YP Letters: Remember the realities of EU growth

From: Brian Johnston, Rigton Drive, Burmantofts, Leeds.

When will the Brexit pantomime end?

THEY sport badges proclaiming ‘‘We Love Europe’’ as they decamp and protest outside Parliament, but do these fanatics actually understand the real EU? They never seem to make a convincing case for staying in, reluctant to examine too closely what the future entails.

Do they realise, especially the young, how the EU is continually evolving if we remain? The status quo is not on offer as the project moves on, treaty by treaty, until the final goal of the original Treaty of Rome is achieved – a Federal European State.

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In a second unwanted referendum, they would have to face this question once and for all.

From: John Van der Gucht, Cross Hills.

MICHAEL Gough (The Yorkshire Post, December 18) writes about the stupidity of getting rid of Margaret Thatcher.

He doesn’t he recall the poll tax debacle, let alone her role in her splitting of the Tory party over Europe, and which has been a running sore ever since.

This is ironic given she was one of the architects of the single market. Theresa May is secure because her opponents are hopelessly split.

From: PJ Blackshaw, Mount Pleasant, Cleckheaton.

THE result of the referendum held in June 2016 was a majority vote in favour of leaving the EU. I do not agree with holding a second referendum; the so-called ‘‘People’s Vote’’. We have already had that.

However, if we are to have another referendum, then there can only be two options. One is to accept Theresa May’s appalling agreement or we prepare for a no deal exit. To offer any other options would be to fly in the face of UK democracy, and thereby destroy the trust of many voters.

From: PJ Doyle, Ackworth Road, Pontefract.

THE future is a no deal Brexit, an united Ireland and a long overdue independent England. Get used to it.

Lessons in healthy food

From: Coun Tom Leadley, Haigh Moor Road, West Ardsley, Wakefield.

MUCH is made of ill-health due to obesity and its burden on the NHS. Leeds City Council is about to take a small, though significant, step towards tackling unhealthy eating by adopting a Supplementary Planning Document (SPD) which will let it control the opening of new hot food takeaways within 400 metres of the gates of high schools, and the opening of new takeaways in areas where there are too many already.

This is a spin-off from an appeal by McDonalds against refusal of planing permission to build a drive through restaurant on the New White Bear site at Tingley, close to the back gate of Woodkirk Academy. At that inquiry, I successfully presented Morley Town Council’s case as its planning witness and the appeal was dismissed, but only on grounds that overspill parking outside houses would disturb neighbours.

When the policy is in place, it will give Leeds useful levers when controlling the siting of new hot food takeaways. Leeds is close to national averages in its levels of obesity, but they are growing and there is no room for complacency. Leeds has the second largest number of hot food takeaways in England, which isn’t surprising as it’s second in population only to Birmingham.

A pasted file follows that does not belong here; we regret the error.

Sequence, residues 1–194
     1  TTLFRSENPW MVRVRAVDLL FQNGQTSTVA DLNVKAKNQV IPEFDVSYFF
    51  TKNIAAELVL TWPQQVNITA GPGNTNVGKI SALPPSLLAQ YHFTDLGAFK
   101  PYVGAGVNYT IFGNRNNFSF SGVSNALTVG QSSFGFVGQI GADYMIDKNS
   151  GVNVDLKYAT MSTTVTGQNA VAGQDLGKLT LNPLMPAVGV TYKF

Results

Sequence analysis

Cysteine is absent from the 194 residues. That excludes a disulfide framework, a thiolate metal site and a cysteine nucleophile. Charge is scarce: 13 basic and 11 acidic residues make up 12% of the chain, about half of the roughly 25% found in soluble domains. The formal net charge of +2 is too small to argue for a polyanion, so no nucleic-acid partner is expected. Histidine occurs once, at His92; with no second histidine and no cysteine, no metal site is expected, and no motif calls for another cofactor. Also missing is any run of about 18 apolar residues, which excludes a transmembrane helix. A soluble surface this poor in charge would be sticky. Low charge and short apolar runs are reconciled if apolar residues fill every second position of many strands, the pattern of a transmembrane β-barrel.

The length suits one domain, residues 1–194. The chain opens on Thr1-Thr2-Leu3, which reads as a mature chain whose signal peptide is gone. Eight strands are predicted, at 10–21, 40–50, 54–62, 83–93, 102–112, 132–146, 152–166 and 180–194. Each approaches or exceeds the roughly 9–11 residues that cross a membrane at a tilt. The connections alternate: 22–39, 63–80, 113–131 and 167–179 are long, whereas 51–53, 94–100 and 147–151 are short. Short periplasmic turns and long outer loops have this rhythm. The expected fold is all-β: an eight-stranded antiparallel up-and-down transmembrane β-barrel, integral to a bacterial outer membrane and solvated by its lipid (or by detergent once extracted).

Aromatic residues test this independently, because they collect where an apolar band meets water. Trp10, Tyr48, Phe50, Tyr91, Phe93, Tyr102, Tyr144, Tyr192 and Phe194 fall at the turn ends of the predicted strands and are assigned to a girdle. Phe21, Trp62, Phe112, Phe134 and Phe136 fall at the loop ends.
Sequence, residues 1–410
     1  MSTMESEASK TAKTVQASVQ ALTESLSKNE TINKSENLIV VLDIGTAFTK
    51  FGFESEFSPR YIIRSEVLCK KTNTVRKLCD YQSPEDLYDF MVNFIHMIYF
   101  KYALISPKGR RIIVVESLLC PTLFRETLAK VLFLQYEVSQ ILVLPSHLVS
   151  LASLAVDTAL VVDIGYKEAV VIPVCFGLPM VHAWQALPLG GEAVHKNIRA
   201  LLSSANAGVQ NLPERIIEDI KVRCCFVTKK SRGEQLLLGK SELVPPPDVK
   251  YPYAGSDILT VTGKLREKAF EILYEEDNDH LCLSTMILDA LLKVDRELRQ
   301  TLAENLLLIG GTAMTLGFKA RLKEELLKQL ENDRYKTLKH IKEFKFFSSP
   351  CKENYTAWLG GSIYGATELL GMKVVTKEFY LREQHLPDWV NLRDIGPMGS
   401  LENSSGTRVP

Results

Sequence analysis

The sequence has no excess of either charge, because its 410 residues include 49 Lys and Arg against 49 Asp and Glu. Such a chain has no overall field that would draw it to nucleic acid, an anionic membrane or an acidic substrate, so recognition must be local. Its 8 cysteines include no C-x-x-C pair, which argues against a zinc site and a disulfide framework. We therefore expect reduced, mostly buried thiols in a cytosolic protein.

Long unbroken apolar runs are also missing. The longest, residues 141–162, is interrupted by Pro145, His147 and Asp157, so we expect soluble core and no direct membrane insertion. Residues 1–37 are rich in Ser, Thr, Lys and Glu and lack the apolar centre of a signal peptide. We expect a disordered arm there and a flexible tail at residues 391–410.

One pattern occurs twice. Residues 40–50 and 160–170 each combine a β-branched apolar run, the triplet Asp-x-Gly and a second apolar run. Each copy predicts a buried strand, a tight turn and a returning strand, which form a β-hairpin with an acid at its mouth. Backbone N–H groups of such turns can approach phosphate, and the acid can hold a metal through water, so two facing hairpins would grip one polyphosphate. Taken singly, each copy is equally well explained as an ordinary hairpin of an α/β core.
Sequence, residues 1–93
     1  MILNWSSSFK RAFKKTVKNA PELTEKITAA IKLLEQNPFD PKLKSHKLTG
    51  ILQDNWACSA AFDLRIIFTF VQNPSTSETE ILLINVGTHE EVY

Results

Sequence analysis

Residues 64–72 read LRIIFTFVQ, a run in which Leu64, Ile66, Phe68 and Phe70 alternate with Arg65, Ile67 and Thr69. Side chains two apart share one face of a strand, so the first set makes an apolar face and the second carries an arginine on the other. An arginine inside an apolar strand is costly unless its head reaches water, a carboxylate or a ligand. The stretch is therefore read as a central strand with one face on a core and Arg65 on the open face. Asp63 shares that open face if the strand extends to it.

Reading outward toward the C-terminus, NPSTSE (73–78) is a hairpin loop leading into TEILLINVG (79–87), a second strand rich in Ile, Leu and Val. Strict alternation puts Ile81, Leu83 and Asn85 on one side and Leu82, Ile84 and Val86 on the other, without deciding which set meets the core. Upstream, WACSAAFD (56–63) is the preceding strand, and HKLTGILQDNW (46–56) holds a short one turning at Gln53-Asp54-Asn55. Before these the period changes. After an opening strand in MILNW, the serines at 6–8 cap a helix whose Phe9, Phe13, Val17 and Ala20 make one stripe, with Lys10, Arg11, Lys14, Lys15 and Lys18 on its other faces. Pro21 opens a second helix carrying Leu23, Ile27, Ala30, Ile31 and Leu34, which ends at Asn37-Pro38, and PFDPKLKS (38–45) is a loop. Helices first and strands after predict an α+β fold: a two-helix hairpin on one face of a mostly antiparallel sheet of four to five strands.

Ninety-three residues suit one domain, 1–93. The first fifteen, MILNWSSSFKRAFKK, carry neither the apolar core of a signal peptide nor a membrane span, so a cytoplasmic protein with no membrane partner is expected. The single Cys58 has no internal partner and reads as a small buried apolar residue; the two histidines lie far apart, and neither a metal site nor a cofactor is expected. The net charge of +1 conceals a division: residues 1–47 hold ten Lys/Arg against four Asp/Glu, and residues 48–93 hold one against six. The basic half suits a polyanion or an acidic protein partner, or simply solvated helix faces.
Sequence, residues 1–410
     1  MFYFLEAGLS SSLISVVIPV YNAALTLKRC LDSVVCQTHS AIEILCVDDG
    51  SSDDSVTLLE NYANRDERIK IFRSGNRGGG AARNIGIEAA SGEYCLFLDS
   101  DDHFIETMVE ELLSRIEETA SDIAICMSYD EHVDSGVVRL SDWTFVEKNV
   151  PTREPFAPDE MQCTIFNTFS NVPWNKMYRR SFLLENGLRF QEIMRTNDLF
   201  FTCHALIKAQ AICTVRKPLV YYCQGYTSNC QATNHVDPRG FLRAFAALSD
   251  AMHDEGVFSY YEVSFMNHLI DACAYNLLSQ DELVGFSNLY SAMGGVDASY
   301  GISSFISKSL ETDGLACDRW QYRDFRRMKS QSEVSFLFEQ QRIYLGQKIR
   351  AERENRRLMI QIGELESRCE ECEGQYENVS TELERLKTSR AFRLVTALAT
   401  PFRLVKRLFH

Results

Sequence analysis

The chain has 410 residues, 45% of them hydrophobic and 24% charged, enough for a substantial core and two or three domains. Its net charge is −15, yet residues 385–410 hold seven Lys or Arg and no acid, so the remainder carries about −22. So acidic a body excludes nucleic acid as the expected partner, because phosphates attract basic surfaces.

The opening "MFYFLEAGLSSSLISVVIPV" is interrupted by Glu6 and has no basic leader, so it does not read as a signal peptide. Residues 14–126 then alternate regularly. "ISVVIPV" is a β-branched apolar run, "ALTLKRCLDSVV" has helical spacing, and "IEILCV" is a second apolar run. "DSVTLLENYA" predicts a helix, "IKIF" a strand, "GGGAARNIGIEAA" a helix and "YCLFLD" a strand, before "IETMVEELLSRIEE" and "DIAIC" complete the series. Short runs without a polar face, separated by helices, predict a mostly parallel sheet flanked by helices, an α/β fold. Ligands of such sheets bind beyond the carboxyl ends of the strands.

What is of much more concern is that it is ranked 15th out of 325 local planning authorities in terms of density of hot food takeaways per 100,000 people.

A matter of altered values

From: Stephen Oliver, Churchill Grove, Heckmondwike.

SKY News has reported the item about the toll charges on the Severn Bridge now being abolished. The report said: “When it was opened in 1966, the charge was two shillings and six pence (2s/6d) which is equivalent today of 12 and a half pence.”

Wrong. Today you would need about £2.50 to purchase what cost 2s/6d in 1966. It was a further five years before decimalisation changed it to 12.5p in 1971 when it had devalued by a further 17 per cent so you needed about 14p (or 2s/9d) to get the same value as 1966.

Library staff play key role

From: Matthew Smith, Hillsborough.

ANOTHER victory for human library staff over technology today in Sheffield Central Library. On entering, I connected to the library wi-fi and used the library catalogue to search for books on the history of Sheffield.

Once I had scrolled through myriad items, it had taken in excess of five minutes before I gave up! In contrast the member of library staff I spoke to was able to recommend and locate a fascinating book in under a minute.

Library staff are such a vital resource. While technology can be a great addition to human work and interaction, in the case of libraries it cannot and should not replace them.

I wish all Sheffield library staff, past and present, a merry Christmas.

Parents must take blame

From: Hilary Andrews, Leeds.

ONCE again suggestions are being made as to how to stop the young from becoming criminals. This time it is being laid at the door of the police (The Yorkshire Post, December 15).

The real problem is the parents of these young children who spend all their time on their phones, and thus encourage their offspring to do the same.

They use social media to develop ideas of crimes. Please address the real issues here.